Five Questions with Fady Joudah

Five Questions with __________ is an experiment with flash interviews. The series on poets continues with poet, translator, and physician Fady Joudah. I initially came across Joudah as a commended translator of Palestinian poets Ghassan Zaqtan and Mahmoud Darwish, but have come to fathom his poetics through his own poetry, the volumes The Earth in the Attic (Yale University Press) and Alight (Copper Canyon Press). An e-book called Textu (also from Copper Canyon Press) invents the eponymous form, with textus composed from the text-message meter of exactly 160 characters.

The worthiness of robot-conscious stylistic invention aside, Joudah’s arrangements in human English—particularly the contemporary, prodigal pulsation of his American English—are singular and essential. The pastoral sublime of houseflies, mules, hills, pine needles, and brick walls coincide with citified school kids, journalists, bulldozers, exit visas and occupying soldiers. It takes a poet of considerable nuance to grapple with autobiography in a way that invites immediate, but never maudlin, identification. Joudah is the son of Palestinian refugees and a practicing doctor, yet his universal is an inviting wading pool begetting genuine camaraderie.

Consider the doubly-embedded insiderness of “Pulse” (a fifteen-part long poem from The Earth in the Attic):

We walked back toward each other, we met, we
Read verses from the Qur’an,
Our palms open,
Elbows upright like surgeons

In Alight’s After,” Joudah renders all the world south and the night “a bandit with gasoline.” I can feel it burning. Can’t you?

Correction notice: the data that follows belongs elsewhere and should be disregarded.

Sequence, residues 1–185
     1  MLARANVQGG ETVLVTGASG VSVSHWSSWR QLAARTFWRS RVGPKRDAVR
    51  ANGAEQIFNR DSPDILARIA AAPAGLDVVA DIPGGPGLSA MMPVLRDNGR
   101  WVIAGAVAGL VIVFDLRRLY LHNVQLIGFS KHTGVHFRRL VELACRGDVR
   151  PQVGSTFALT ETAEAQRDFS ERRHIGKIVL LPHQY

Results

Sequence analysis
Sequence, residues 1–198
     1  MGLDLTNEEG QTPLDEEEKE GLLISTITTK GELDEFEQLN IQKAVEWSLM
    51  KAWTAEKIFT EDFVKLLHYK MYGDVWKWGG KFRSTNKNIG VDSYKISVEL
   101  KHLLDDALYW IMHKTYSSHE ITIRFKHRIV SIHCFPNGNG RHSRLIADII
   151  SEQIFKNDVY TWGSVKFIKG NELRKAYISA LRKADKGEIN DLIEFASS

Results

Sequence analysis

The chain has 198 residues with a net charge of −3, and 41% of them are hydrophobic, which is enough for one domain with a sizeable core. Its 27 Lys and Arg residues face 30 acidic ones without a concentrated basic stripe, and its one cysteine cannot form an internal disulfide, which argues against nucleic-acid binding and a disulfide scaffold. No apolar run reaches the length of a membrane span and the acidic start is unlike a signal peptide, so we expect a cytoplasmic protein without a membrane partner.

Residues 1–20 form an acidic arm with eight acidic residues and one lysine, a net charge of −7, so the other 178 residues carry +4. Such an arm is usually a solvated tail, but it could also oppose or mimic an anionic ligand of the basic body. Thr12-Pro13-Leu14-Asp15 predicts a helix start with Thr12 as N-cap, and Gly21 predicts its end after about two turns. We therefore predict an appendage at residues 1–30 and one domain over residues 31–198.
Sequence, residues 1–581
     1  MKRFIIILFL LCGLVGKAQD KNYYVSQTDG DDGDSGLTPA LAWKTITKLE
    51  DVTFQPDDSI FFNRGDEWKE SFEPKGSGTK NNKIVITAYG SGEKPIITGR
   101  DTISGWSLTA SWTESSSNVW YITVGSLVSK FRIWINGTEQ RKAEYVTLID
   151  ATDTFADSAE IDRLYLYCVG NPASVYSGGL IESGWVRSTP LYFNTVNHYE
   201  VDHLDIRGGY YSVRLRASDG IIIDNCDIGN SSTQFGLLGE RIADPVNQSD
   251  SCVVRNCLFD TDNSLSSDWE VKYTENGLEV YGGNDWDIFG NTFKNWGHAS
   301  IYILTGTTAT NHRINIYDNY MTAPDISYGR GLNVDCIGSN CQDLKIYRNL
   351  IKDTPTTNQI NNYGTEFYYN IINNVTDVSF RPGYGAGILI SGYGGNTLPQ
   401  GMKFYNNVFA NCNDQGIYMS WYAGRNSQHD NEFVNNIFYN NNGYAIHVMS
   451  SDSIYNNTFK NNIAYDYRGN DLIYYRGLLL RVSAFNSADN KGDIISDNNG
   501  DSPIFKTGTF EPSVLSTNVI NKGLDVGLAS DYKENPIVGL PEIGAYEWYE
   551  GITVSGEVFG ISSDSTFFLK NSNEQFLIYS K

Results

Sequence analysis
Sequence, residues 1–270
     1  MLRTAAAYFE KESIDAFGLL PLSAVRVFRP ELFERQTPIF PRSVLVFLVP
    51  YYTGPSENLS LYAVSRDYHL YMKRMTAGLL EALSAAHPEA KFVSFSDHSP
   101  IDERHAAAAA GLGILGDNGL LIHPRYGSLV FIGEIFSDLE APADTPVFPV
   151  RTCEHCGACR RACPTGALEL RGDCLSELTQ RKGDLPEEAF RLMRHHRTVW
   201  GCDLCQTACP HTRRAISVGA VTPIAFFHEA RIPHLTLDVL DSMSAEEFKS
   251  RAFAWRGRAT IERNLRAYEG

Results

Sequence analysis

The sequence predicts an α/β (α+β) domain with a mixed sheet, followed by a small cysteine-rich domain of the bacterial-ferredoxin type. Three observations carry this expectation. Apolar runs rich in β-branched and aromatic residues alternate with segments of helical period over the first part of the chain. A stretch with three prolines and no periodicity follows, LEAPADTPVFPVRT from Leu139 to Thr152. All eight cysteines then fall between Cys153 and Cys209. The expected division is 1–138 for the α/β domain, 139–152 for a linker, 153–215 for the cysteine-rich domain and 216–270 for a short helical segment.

Native from the Land of Punt, painting found in the valley of El-Assacif at Thebes. Image from the NYPL Digital Collection.

Do you take a position on men’s neckties?

Lynching gone civilized.

What should an alternative engraving for the Statue of Liberty read? 

(Current inscription: “Give me your tired, your poor, your huddled masses yearning to breath free.”)
“Were it not for money, I could have been Egyptian, I, the patina of time, the speechless.”

Is poetry the enemy of medical school, its antidote, or its intimate?

Poetry is medical school. All that specialized, ornate, mysterious language that is the bringing back to life of the dead, Greek and Latin, a Lazarus of reproduction, capital intertwined with compassion, death as the enemy, an impartial falling at line’s end, the illusory eternity of “I,” a democracy of privilege, a basic human right for all.

In your personal mythology, what is the place of the donkey? 

The god of sleeptalking and movie extras. The messenger of water.

What do we owe our siblings and what do they owe us? 

We owe each other the disintegration of identity-memory so that we may relearn to love and forgive as strangers, strangers.